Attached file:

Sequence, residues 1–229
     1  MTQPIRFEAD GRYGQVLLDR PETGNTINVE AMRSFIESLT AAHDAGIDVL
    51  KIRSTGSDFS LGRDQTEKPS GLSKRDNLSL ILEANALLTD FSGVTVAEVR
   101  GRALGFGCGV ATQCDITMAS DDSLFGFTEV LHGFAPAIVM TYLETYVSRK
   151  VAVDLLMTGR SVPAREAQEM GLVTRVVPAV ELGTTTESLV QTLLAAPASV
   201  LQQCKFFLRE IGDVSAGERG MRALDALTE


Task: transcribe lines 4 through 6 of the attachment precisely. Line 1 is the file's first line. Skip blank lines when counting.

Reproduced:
   101  GRALGFGCGV ATQCDITMAS DDSLFGFTEV LHGFAPAIVM TYLETYVSRK
   151  VAVDLLMTGR SVPAREAQEM GLVTRVVPAV ELGTTTESLV QTLLAAPASV
   201  LQQCKFFLRE IGDVSAGERG MRALDALTE